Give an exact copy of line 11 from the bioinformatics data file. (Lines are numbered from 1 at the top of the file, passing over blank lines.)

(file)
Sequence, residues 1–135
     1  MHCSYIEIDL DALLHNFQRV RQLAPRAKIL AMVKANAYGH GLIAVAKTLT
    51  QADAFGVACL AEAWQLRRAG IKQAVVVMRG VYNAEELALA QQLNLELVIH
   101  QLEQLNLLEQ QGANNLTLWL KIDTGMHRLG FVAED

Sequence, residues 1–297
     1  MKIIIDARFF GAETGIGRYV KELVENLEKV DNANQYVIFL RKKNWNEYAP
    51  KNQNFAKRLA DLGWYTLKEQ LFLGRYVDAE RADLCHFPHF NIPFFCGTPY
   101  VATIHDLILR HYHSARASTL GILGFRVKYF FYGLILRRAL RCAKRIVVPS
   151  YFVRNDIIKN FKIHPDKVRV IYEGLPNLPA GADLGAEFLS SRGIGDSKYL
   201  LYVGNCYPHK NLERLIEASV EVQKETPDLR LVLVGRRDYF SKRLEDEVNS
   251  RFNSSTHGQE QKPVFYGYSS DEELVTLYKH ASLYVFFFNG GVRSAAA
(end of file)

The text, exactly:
   251  RFNSSTHGQE QKPVFYGYSS DEELVTLYKH ASLYVFFFNG GVRSAAA